Before I get to this week's screening notes, a little business:
For all the writers (or writer/directors or teams) – don’t forget that DWF has the 2Minute 2Step short film challenge. This is a contest where 2-minute-or-less scripts are submitted – preferably with a director and production team behind the project (aka, friends who'll help make the movie). DWF choices up to 8 scripts and gives them 4 hours to shoot and edit their movie – which then screens at the festival the next night. DWF supplies: Canon state-of-the-art cameras, an "empty space" for shooting, a simple grip & electric package, an edit bay (usually in the lobby of the theatre so everyone gets to watch you sweat out the final stages of production) – and all the fun you can handle.
Check out the link to the right for more info.
Next: DWF has a little alumni get together the first Wednesday of every month. This week, Norman Gerard from year 2 showed up touting his book, FIZZLE. In it, he tells the story of what happened after he made his film, which Variety calls, "…a rollicking good time through good times and bad, high art and low-lifes, auteurs and con artists." So, check it out.
On to the films this week:
Casting is always an issue in independent films. Don't get me wrong, we have seen many a film with obvious non-actors in roles that they absolutely nail. Like an acting teacher once told me, "if you're born to the play the part, you don't need anything I'm going to teach you."
But we also see a lot of films where actors are either miss-cast, or just don't have the chops to pull off a role they weren't born to play. The character so beautiful no one could resist him/her – played by someone who wasn't that person twenty years ago, much less today. The mean boss that all the employees are afraid of – played by a college freshman that you just want to take home for milk and cookies. Etc. etc.
So do yourselves a favor, folks. Plan ahead. Take some extra time when it comes to casting. If you get this part right then half your directing work is done. Screw it up, and nothing can save your project.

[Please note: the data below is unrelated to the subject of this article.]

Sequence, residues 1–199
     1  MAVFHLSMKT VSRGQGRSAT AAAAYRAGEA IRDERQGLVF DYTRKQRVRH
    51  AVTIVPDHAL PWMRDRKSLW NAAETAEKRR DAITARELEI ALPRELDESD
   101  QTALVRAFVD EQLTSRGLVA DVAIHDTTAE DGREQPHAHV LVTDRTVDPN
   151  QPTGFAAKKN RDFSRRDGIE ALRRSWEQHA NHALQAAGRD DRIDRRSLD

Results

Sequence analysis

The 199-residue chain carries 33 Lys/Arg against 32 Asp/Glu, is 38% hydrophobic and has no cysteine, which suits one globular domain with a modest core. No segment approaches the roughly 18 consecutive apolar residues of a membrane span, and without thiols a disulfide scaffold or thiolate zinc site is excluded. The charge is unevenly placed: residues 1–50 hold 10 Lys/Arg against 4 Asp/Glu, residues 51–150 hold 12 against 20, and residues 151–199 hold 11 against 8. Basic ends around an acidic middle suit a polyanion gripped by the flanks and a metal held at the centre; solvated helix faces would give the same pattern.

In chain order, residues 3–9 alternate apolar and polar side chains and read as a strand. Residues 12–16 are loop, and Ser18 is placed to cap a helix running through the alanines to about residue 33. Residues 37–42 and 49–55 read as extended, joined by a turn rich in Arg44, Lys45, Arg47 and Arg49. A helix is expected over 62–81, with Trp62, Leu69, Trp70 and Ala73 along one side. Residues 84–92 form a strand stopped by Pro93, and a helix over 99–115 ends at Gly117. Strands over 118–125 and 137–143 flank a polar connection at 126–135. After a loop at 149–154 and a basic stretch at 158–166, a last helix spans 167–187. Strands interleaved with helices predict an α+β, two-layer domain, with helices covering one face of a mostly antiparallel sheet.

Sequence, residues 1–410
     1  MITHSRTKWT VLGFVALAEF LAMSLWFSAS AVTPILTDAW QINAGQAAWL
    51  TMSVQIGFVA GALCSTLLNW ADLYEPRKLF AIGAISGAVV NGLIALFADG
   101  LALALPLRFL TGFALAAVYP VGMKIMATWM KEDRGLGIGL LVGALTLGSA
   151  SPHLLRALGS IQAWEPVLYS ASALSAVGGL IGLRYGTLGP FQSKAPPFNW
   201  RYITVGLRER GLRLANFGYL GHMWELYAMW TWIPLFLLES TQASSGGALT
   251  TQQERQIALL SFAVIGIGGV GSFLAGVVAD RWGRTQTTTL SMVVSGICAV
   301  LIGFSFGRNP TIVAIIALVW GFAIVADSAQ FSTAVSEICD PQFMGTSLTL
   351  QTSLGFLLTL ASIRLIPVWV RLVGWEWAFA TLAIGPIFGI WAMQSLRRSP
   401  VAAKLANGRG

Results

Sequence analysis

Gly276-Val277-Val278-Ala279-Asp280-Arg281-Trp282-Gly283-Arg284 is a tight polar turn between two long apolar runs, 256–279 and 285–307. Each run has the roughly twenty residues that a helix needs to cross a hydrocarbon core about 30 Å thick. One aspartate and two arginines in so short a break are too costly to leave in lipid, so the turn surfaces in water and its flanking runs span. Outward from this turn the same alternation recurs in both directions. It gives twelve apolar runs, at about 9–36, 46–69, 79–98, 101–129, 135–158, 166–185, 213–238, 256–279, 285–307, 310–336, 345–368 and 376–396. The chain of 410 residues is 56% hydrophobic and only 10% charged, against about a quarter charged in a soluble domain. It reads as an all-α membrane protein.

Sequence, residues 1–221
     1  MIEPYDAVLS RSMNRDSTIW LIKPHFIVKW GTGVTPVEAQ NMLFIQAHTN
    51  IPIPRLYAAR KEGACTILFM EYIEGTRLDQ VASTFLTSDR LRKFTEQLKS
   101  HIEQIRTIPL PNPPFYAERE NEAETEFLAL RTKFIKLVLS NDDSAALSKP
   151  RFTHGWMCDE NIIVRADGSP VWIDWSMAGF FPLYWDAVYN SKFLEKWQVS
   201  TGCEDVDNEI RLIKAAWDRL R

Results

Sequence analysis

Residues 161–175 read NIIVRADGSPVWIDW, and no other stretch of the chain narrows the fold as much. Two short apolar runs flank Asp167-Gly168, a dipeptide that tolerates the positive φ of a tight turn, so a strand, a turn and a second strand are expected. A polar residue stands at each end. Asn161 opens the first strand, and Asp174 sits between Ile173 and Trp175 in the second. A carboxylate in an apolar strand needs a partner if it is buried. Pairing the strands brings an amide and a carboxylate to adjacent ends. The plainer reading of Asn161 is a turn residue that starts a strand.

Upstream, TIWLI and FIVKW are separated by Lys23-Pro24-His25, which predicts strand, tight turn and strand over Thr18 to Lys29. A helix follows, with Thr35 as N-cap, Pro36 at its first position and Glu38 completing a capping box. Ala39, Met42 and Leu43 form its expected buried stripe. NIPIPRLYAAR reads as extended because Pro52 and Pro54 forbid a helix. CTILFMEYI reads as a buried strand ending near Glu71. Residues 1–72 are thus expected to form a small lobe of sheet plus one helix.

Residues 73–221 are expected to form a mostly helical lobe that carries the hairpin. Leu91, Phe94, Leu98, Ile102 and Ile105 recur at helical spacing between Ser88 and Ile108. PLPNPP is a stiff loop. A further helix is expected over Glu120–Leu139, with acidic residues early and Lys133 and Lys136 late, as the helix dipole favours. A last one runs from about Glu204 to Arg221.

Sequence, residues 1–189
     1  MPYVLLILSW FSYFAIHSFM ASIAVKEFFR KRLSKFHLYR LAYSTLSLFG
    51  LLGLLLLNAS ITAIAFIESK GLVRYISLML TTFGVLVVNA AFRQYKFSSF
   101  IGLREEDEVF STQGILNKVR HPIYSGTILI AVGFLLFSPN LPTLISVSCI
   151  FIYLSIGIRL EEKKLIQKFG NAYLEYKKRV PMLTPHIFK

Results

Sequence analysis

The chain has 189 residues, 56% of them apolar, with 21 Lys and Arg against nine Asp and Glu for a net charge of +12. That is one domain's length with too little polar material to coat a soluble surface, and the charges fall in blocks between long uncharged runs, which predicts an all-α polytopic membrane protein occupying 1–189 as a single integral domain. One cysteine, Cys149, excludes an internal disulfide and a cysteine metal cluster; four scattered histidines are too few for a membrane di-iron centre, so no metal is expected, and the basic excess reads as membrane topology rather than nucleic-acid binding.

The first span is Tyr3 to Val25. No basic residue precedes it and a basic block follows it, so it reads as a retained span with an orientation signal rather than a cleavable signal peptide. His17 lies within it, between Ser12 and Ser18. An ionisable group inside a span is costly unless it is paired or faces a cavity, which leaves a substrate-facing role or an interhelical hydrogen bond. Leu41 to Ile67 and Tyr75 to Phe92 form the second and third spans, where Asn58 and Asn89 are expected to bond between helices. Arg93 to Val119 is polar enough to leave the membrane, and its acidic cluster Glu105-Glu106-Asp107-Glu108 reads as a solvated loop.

Music videos. For the past two years we've accepted music video submissions. At first they were hard to evaluate – what makes a good music video? Are we judging the song, the video, how they go together, everything, what? Now, I have to say I'm getting a kick out of them. For one thing, they're only 3-4 minutes long, so make a nice break between 20 minute movies that feel like 60 minute ones and could be 5 minutes without losing much. They're also a throwback to simpler times. Ah, the nostalgia of the '80s, when you knew what the M in MTV stood for. Keep 'em coming folks.
Personal Documentaries. We put one in the DVD player last night and I turned to a fellow screener, rolled my eyes and said, "God, I hate personal docs." She nodded in agreement and we proceeded to watch one of the best short films I've ever seen. So, for a change, let's look at the positive. What made this personal story something worth watching where so many others are a raving bore?
Answer? It was relevant to anyone who might watch it. Personal information tied to general truths about life. I could take something away from the story that had nothing to do with Uncle Willie's Elvis impersonation, or Aunt Sally's terrific apple pie, or any of the other stuff we've had to watch in the bad personal docs. Also, this good one was well-made from a film perspective. It moved. It was intelligent. It had something to say, and did it quickly in an entertaining way. Bravo.
I spoke of surreal films a week or two ago. We had a good one last night. I wrote on my evaluation sheet, "This filmmaker has skills." Always nice to see.
Which brings to what I'll end with this week – a reminder to you all, how much we want your film to be good. There have been times when I'm literally chanting as the DVD loads, "please be good, please be good, please be good." Your good films give us purpose. We sometimes wonder why we're here, doing this for other filmmakers when we all have projects of our own begging for our time, a good film that's a world premiere, struggling to find an audience in the sea of material that's out there, invigorates us. You keep us going when you take the time to create your best work.
Thanks, and keep it up.